Side by side, one of these is a comet, the other an asteroid. Similar aren't they. It's not till the sun heats the comet that we see the familiar tail of dusty ice. Don't you love asteroids and comets? Speaking of asteroids in a minute.
These images of Jupiter are shown in true color on left, and enhanced for detailed on right. Exact same area.
It's been almost 20 years this Sunday since humans launched Galileo into the realms of Jupiter.
What we've learned and seen since the 1990s is incalculable.
But the craft was making discoveries long before it arrived.
(Just for show: Look at the poles of Jupiter below, via infrared. It spins faster than any other body in our sol-system)
So here's what else Galileo brought us:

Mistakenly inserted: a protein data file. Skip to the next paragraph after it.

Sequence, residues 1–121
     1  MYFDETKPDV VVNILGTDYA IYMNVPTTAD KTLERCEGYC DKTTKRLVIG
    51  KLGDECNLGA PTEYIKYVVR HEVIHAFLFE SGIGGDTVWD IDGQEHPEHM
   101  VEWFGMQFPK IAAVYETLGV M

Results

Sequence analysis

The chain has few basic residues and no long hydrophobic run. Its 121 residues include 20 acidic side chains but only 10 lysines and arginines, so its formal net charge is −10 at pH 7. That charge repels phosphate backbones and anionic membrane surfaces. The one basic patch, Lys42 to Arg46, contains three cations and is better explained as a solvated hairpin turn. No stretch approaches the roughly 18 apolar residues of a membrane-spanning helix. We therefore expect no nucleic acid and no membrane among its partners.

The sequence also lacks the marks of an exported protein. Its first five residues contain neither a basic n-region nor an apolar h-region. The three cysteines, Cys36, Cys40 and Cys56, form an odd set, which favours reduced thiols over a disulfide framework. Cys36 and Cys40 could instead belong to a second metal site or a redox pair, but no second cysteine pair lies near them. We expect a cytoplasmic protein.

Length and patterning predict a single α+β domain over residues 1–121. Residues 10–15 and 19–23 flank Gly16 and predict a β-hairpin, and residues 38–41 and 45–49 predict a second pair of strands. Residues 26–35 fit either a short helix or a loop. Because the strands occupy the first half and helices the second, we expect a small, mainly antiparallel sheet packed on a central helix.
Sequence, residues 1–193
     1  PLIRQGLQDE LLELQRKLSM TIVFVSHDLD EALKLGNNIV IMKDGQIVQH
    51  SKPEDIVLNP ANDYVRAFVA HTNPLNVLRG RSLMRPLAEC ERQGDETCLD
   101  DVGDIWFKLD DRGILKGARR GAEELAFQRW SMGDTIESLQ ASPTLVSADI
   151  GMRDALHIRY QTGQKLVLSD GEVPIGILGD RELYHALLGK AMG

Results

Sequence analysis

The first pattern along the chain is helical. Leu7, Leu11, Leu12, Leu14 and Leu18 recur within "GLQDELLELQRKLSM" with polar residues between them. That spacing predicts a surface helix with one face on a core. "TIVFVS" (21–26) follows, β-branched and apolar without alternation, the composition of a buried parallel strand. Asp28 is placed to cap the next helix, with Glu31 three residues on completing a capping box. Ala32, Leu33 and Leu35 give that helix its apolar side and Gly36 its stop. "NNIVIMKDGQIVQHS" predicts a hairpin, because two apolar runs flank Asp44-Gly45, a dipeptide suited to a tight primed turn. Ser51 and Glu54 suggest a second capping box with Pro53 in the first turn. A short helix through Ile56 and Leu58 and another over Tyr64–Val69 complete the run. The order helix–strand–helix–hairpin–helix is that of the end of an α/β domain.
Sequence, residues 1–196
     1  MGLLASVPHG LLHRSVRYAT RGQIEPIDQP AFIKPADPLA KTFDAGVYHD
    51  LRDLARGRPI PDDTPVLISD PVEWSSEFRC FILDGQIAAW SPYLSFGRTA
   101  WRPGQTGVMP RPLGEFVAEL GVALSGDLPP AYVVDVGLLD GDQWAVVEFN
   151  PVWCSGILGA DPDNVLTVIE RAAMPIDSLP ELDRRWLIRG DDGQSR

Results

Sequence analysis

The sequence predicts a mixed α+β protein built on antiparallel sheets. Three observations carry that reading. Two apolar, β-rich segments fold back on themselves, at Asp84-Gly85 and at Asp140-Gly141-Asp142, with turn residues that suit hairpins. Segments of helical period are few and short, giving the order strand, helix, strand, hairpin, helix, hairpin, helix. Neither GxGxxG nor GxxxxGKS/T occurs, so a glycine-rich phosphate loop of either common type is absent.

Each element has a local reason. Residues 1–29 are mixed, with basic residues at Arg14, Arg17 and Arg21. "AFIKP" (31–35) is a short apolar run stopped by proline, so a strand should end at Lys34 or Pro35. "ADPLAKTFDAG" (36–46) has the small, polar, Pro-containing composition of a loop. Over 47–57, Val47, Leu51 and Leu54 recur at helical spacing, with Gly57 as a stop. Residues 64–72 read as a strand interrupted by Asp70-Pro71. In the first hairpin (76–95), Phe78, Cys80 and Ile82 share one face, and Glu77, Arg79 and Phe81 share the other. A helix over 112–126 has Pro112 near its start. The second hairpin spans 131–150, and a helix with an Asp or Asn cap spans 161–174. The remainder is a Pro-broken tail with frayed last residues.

BELOW is the huge asteroid GASPRA (color-enhanced.)
BELOW is the amazing asteroid, IDA, with its moon DACTYL. The tiny dot to the right, middle, is the actual picture and size of Dactyl. The upper right shot is to show a better view. Imagine a moon orbiting an asteroid. If IDA left its asteroid belt, we're have nowhere to hide. Yikes.
And here's a few seconds of the comet Shoemaker-Levy 9 impact in Jovian space. Don't know why you have to copy & paste, sorry. But it's worth it. (For some reason, Blogger doesn't seem to like moving shots.) Watch this fragment impact Jovian space:
It's a reminder that it was our special emmisary Galileo who brought us those unforgettable images. You see those 3 dark comet parts? They're not impacting Jupiter actually, they're exploding in the gaseous atmosphere of Jupiter. Just like it would happen here on Earth. It would break up into many, smaller parts. By the time a piece reached the planet, it would leave a just small crater. But we know that's not how it always happens - look at the Moon for instance, or Mars. They have no atmosphere; a "small" piece of comet could reach 10 miles long. Fascinating!